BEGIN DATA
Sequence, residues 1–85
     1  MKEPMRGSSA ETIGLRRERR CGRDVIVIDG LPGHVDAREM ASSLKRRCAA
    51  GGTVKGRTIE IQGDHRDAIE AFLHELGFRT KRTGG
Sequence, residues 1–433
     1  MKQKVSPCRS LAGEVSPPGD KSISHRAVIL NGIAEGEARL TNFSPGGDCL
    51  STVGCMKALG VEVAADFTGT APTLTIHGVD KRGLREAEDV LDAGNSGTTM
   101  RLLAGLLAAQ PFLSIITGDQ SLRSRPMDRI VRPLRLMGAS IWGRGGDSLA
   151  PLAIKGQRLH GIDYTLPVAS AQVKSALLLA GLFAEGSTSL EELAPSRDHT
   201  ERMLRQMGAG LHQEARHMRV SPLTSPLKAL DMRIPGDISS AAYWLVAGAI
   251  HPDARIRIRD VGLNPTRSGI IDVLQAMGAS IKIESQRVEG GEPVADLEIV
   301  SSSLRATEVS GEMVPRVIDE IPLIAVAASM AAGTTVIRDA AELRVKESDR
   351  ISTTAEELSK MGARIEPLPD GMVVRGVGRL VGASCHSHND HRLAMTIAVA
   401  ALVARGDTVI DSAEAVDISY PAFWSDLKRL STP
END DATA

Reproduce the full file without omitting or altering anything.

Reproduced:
Sequence, residues 1–85
     1  MKEPMRGSSA ETIGLRRERR CGRDVIVIDG LPGHVDAREM ASSLKRRCAA
    51  GGTVKGRTIE IQGDHRDAIE AFLHELGFRT KRTGG
Sequence, residues 1–433
     1  MKQKVSPCRS LAGEVSPPGD KSISHRAVIL NGIAEGEARL TNFSPGGDCL
    51  STVGCMKALG VEVAADFTGT APTLTIHGVD KRGLREAEDV LDAGNSGTTM
   101  RLLAGLLAAQ PFLSIITGDQ SLRSRPMDRI VRPLRLMGAS IWGRGGDSLA
   151  PLAIKGQRLH GIDYTLPVAS AQVKSALLLA GLFAEGSTSL EELAPSRDHT
   201  ERMLRQMGAG LHQEARHMRV SPLTSPLKAL DMRIPGDISS AAYWLVAGAI
   251  HPDARIRIRD VGLNPTRSGI IDVLQAMGAS IKIESQRVEG GEPVADLEIV
   301  SSSLRATEVS GEMVPRVIDE IPLIAVAASM AAGTTVIRDA AELRVKESDR
   351  ISTTAEELSK MGARIEPLPD GMVVRGVGRL VGASCHSHND HRLAMTIAVA
   401  ALVARGDTVI DSAEAVDISY PAFWSDLKRL STP